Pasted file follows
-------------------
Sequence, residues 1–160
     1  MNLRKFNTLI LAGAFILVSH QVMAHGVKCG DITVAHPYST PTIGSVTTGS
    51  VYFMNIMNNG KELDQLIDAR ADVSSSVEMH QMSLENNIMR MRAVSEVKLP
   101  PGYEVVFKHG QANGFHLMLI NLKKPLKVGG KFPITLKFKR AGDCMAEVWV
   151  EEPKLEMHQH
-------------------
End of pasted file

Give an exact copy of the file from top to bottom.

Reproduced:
Sequence, residues 1–160
     1  MNLRKFNTLI LAGAFILVSH QVMAHGVKCG DITVAHPYST PTIGSVTTGS
    51  VYFMNIMNNG KELDQLIDAR ADVSSSVEMH QMSLENNIMR MRAVSEVKLP
   101  PGYEVVFKHG QANGFHLMLI NLKKPLKVGG KFPITLKFKR AGDCMAEVWV
   151  EEPKLEMHQH